What happened when Black student protesters blocked traffic last semester as they sought to call eyes and ears to the deaths of fellow Black citizens slain in the streets of our hometowns? Confusion, fear — What’s going on? Why are “they” so angry? — or the ugly, cold shoulder of apathy. And what happened when the name of the racist presidential candidate was chalked around campus in a way that left little room for dialogue and response? Some protested, many balked. Still others — some from outside our campus — heaped on ridicule.
The stakes are high. We must all do better.
How can we? We can take more opportunities to step outside the lines. We can, and should, break more laws, especially when they disturb our moral consciences. I am speaking of conscientious civil disobedience. In the face of so much misunderstanding and misinterpretation of campus protest — willful or otherwise — I will continue to stand up for what my conscience tells me is just.
I raise my voice in the interest of a stranger, more questioning, freer Emory. I stand with all others who possess the courage to speak — those protesting white supremacy, imperial occupation in Palestine, homophobia, the patriarchy, anti-immigrant sentiment, anti-semitism, transphobia, capitalism and classism, militarism, 21st century colonialism and the list, unfortunately, goes on.
These structures manifest themselves in the smallest orders of my daily life, and I have the right — no, the responsibility — to question their authority, to question the pundits who write and imply that we should keep quiet, to question the faculty who hope I distill my societal and cultural critiques with positive sentiments, to question even the signs that say to stay off the grass.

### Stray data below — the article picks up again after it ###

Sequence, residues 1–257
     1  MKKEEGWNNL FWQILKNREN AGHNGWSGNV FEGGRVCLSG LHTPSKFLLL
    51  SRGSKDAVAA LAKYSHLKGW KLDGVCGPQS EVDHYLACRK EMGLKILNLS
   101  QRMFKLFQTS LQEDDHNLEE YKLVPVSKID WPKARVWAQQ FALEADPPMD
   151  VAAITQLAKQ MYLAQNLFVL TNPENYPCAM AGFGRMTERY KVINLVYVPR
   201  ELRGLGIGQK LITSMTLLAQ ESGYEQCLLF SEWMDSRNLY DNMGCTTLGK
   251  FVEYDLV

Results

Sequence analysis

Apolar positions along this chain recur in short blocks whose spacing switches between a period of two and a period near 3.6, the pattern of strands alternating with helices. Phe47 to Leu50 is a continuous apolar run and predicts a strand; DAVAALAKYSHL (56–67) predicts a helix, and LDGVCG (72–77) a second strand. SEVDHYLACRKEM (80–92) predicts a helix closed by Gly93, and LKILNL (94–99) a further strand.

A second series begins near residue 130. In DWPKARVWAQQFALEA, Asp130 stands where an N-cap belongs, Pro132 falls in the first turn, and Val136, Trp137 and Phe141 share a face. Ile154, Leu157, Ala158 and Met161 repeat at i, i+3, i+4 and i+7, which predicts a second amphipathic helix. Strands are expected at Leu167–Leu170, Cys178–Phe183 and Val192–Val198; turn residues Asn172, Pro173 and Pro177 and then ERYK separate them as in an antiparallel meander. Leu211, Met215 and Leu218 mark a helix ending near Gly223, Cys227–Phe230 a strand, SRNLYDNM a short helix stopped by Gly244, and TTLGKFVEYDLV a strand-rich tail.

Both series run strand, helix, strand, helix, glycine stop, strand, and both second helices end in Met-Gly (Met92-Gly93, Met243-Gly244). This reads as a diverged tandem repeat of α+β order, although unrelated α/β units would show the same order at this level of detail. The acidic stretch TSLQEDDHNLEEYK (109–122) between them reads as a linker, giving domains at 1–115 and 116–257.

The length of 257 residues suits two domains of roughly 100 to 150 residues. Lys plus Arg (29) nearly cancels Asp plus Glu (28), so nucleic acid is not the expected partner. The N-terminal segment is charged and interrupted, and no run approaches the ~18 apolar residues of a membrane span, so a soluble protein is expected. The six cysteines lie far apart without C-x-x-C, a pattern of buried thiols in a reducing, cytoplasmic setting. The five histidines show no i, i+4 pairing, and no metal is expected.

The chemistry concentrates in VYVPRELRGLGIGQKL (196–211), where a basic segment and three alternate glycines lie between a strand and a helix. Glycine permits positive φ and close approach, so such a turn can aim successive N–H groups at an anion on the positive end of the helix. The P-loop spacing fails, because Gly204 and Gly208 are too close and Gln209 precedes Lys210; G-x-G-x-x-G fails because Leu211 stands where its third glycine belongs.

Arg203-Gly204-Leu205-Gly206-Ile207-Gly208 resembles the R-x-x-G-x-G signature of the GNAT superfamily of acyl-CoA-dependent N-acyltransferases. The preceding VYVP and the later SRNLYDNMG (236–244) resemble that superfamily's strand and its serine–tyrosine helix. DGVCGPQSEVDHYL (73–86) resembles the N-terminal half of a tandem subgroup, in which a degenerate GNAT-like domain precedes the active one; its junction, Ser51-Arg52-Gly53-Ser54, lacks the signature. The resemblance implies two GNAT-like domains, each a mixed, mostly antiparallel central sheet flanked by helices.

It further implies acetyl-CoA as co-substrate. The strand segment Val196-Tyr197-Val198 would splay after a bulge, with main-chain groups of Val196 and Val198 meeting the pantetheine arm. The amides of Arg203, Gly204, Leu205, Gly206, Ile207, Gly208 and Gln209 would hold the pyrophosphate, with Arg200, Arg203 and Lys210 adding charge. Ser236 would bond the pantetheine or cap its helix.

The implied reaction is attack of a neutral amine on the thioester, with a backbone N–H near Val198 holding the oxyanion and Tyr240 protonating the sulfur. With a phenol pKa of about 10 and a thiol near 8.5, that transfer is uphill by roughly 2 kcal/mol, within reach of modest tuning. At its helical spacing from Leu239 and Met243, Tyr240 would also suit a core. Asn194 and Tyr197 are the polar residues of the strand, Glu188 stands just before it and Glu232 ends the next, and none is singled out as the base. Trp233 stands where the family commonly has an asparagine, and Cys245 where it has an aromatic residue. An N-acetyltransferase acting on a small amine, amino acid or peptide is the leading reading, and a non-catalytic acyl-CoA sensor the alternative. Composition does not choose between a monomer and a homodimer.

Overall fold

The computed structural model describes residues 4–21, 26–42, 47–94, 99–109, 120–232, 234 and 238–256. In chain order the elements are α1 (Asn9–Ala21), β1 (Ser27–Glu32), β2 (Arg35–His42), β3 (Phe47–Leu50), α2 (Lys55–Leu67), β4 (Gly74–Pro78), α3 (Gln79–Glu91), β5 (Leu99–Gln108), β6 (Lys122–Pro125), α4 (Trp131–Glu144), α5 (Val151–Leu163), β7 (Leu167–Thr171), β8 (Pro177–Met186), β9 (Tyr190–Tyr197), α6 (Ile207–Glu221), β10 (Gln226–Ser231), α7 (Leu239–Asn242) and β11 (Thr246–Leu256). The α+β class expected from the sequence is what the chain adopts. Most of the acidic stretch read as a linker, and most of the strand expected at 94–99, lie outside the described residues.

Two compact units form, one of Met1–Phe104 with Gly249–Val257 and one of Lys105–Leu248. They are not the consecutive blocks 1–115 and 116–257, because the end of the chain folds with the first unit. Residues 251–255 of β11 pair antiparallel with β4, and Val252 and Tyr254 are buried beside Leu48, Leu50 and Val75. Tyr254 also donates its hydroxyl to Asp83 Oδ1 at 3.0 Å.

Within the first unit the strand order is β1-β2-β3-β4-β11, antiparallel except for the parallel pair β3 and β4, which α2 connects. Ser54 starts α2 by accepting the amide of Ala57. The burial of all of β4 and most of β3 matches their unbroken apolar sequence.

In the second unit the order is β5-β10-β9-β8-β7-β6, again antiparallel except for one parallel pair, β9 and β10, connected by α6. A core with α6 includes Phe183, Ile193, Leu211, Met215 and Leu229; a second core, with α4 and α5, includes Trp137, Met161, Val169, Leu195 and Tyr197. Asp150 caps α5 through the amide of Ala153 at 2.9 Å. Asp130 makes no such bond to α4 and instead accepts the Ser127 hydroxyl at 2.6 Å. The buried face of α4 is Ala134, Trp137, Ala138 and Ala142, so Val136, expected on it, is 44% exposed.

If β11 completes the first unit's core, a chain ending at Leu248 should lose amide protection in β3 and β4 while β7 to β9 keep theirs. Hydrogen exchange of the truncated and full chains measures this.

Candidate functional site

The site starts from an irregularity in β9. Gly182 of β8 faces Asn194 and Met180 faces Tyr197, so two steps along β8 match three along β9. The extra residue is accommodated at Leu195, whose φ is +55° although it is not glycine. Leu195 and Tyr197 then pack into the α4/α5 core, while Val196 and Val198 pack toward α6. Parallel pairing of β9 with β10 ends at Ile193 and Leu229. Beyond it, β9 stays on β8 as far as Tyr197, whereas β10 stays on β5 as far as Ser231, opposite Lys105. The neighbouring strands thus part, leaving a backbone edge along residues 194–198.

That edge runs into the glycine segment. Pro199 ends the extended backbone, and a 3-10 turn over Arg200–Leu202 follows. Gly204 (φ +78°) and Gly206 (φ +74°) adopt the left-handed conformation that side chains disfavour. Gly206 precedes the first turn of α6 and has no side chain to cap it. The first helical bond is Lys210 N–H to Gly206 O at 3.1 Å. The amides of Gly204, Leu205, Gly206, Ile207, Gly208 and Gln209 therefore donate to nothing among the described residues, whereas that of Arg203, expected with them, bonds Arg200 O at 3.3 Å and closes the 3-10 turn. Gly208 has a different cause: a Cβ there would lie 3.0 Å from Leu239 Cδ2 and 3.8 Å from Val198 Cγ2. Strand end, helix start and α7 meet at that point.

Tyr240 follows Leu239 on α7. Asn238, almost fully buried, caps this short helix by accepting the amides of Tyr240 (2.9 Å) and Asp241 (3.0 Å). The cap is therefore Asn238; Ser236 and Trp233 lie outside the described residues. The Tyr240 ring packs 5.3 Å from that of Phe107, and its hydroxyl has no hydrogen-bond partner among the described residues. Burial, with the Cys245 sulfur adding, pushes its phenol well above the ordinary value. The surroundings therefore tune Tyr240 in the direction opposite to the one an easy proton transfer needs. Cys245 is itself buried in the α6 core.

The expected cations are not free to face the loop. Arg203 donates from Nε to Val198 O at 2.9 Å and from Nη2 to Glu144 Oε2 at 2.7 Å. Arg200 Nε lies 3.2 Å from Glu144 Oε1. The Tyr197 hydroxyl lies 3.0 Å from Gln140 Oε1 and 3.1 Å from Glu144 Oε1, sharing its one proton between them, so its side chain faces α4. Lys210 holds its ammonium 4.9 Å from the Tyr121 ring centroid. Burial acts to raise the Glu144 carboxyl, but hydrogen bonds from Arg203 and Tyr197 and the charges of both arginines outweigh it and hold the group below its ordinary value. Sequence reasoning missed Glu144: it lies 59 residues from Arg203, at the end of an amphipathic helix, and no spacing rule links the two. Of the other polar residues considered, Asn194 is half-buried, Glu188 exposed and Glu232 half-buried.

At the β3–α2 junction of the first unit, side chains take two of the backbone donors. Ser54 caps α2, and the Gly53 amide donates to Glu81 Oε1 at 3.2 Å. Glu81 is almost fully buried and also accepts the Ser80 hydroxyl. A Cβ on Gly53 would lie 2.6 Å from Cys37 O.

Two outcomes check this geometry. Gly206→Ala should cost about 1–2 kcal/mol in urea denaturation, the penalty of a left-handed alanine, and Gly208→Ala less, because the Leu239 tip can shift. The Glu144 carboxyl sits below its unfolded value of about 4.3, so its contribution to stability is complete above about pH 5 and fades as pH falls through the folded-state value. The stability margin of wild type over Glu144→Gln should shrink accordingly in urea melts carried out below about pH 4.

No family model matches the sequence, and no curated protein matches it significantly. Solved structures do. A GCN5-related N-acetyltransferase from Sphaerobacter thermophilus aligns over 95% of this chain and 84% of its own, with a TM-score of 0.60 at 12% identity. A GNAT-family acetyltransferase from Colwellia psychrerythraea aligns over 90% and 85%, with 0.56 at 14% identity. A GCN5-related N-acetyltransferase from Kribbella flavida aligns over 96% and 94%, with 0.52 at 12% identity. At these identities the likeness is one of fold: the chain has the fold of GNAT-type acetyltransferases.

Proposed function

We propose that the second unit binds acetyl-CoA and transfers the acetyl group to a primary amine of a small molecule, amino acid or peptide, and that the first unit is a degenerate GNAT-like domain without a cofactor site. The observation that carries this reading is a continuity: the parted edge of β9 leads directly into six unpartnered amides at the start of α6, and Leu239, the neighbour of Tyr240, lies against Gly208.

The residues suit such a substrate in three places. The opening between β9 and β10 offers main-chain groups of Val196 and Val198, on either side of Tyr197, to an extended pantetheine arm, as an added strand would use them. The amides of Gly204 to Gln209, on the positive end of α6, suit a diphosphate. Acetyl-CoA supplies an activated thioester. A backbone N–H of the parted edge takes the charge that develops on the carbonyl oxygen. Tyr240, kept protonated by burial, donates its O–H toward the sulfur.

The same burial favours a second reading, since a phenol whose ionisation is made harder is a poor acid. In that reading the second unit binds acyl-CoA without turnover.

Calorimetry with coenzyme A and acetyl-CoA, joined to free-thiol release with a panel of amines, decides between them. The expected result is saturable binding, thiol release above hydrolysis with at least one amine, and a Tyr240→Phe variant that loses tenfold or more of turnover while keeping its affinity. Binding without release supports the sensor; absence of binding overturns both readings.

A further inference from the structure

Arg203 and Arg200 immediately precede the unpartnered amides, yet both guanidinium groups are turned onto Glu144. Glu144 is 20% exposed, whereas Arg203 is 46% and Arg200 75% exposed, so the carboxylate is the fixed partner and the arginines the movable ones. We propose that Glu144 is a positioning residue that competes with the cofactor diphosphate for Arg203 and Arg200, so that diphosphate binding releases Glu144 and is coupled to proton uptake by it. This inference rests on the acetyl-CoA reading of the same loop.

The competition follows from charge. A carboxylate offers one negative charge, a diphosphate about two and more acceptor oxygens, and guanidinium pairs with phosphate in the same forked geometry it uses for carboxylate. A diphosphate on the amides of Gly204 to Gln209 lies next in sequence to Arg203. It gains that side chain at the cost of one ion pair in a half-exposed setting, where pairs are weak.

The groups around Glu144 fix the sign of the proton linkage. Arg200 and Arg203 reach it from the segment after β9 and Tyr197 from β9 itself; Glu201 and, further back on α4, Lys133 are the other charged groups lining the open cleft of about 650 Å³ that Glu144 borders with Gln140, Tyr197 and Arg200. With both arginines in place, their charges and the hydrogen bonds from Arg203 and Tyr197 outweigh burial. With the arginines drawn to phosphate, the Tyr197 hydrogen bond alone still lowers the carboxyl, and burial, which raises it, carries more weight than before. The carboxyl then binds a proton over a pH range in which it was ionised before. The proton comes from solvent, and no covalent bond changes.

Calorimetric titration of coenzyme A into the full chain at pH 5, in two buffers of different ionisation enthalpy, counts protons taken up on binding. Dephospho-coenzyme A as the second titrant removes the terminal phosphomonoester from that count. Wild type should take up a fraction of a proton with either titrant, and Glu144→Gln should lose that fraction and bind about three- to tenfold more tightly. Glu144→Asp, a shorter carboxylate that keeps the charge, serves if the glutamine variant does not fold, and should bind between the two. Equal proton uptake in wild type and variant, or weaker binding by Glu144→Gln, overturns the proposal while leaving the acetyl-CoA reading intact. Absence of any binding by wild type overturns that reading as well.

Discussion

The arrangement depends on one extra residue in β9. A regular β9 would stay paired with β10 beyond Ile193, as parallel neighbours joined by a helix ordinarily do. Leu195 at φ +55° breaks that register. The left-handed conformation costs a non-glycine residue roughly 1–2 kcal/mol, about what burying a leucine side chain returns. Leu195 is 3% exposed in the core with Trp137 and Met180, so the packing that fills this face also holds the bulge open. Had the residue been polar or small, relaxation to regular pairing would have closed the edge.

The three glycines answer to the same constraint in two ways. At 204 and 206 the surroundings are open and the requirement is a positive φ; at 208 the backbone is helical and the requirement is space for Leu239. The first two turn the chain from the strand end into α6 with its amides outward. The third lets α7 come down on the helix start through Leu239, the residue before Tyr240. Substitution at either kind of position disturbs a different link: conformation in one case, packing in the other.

What are we afraid of? Strange looks? My ability to look squarely back at myself matters more. To lose friends? Camaraderie within myself will last me a lifetime. To neglect our studies? Humankind is our study. To miss out on a career path, an eventual payoff for staying in line? I find no spiritual satisfaction in punching a clock. Are we afraid we will not get laid if we have too many opinions? Well, I have a lot of those and seem to be doing alright (thank you very much, Clay Travis). I believe our fears and doubts can be overcome with a dose of courage.
So that is why I step into public spaces with a megaphone in my hand and poems on my tongue. To me, poetry itself is not the protest — it is Art —but the act of public Art can be disruptive. It reminds us to imagine alternatives to life as it is. I am the first to admit what I can do is only a small act of breaking social laws, but I feel left with few other options in a place that tolerates so little aberrance. Besides, if one can no longer read poetry out loud on a college campus, what is the point of a college campus?
Only a semester ago, I studied in two Latin American countries — Nicaragua and Cuba — where student power played a crucial role in the reshaping of entire social orders. We, the students of North America, can rise to the same occasion. I call especially on all artists — poets, dancers, singers, visual artists, playwrights, novelists and musicians — to join me in filling public spaces with possibilities for a different future.
Just for a moment, picture 14,000 university students on Emory’s Quad, fists and voices raised in unison. They could ask for whatever they wanted — a change in direction for a new generation, a change of direction only we can dream of. How about 7,000? 2,000? But really, we don’t need the University to empower us, although it is always to our mutual benefit when it does. Student power is already ours; we have only to lose it or underuse it.
Stay in line, be this way, queue up. That is the strong undercurrent of our culture here at Emory and beyond. Too strong. My attitude? I doth protest.
Peter Witzig is a College senior from Duluth, MN